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Pace of world's violence calls for a different speed of response, speaker says

April 16th, 2018

by Melanie Zuercher

NORTH NEWTON, KAN. – Malinda Elizabeth Berry began each of her two presentations at Bethel College on violence and nonviolence by invoking and acknowledging the first people.

Berry, a professor of theology and ethics at Anabaptist Mennonite Biblical Seminary, Elkhart, Indiana, was on campus Feb. 25-26 to give this year’s Staley Lectures.

She named around a dozen American Indian groups – such as the Apache, Kiowa, Kansa, Sac and Fox, Kickapoo and Pottawatomie – who “tended the land and walked in balance on the prairies” long before the first European settlers set foot there.

Among her reasons for this particular naming was that the story of American Indians is an example of “slow violence,” a term coined and developed by environmental activist Rob Nixon.

“Most of what we’re used to seeing [in this culture] is ‘fast’ violence – it’s dramatic, it seems to come out of nowhere, it’s the stuff of blockbuster movies.

“Slow violence is neither spectacular nor instantaneous but incremental, with calamitous repercussions that are postponed for years, decades, centuries.”

Berry’s lectures looked at both violence and nonviolence in terms of “slow” and “fast.”

“As human beings, we are oriented toward violence,” she said. “[But] as Christians, our deepest longing is aligning ourselves with God’s kingdom.

“As a Christian who aligns with Anabaptism, I’m committed to reading the Christian gospel as a message of shalom and an invitation to renounce violence. For me, renouncing violence is not pacifism. Instead, it’s ‘a way of life we live by because of the sheer morality of its claims,’” the latter words borrowed from Martin Luther King Jr.

Berry’s examples of “fast nonviolence” included “instant responses,” such as writing to lawmakers , signing petitions, responding to e-mail calls to action and taking part in protests.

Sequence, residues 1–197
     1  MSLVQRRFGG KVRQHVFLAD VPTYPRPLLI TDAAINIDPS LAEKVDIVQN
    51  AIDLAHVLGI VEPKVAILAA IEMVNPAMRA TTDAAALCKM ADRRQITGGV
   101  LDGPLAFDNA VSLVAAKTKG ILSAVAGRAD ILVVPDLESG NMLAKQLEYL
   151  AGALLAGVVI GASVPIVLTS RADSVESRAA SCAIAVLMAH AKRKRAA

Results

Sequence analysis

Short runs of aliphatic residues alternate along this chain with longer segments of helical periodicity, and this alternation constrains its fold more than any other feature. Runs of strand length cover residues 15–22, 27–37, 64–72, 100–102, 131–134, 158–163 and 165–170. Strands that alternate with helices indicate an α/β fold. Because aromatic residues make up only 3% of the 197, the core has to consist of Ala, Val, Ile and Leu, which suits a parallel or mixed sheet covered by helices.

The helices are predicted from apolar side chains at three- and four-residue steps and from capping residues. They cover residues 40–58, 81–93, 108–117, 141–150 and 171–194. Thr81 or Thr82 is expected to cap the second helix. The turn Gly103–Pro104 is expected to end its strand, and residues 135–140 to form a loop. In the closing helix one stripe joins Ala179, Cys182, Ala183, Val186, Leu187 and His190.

“Medium nonviolence” is “everyday living – the choices we make about how we walk around in the world” (e.g., reducing your carbon footprint by riding a bike or avoiding plastic where possible).

Berry’s main strategy for “slow nonviolence” comes from Nonviolent Communication’s calling circles, which bring participants together around an issue or situation to listen, reflect and connect – to “slow down and pay attention.”

“The challenge of this kind of nonviolent practice,” she said, “is it takes too much time … especially when there are so many immediate issues calling for our attention.

“The assumption is we need to act [nonviolently] at the same pace as fast violence. Rob Nixon’s gift was to show that violence is not always fast.

“I can say ‘I don’t do conflict,’ but I’m still going to find myself in conflict – or ‘I don’t do war,’ but somebody is doing war,” she continued. “The question is, how am I going to respond?

“Not with violence, but [trying] to use strategies and tactics that might bring me and my opponent to the same side. I don’t try to have power over them, I try to come into an equal power relationship with them, so we both find ourselves on the side of God’s justice.”

When a questioner wondered about “the collateral damage from fast violence while the circle is doing its slow work,” Berry responded by recalling a question that Christian Peacemaker Teams consistently asks: “What would it look like to put as much time, effort, energy and money into seeking justice and peace as we do preparing for war?”

“As long as those two are so disproportionate, we will believe in the myth of ‘redemptive’ violence,” she said.

“Maybe we have to concede it will always be that way because the world is fallen. If so, we need to have different conversations about what it means to be a peacemaker.”

For Berry, that means circles and storytelling.

“What if love wins? We have a share in God’s intention. But it’s a mystery. We don’t get to understand everything all the time.

“That’s why I want to see more intergenerational circles – [a chance to hear] the stories of faith and resistance. It could save our [peace] tradition. It could save our denomination.”

Bethel College ranks at No. 1 in College Consensus’ ranking of Kansas colleges and universities, and is the only Kansas private college listed in the analysis of top colleges and universities, the Washington Monthly National Universities-Liberal Arts section and the National Liberal Arts College category of U.S. News & World Report, all for 2017-18. The four-year liberal arts college is affiliated with Mennonite Church USA. For more information, see

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About Bethel

As the first Mennonite college founded in North America, Bethel College celebrates a tradition of progressive Christian liberal arts education, diversity within community, and lifelong learning.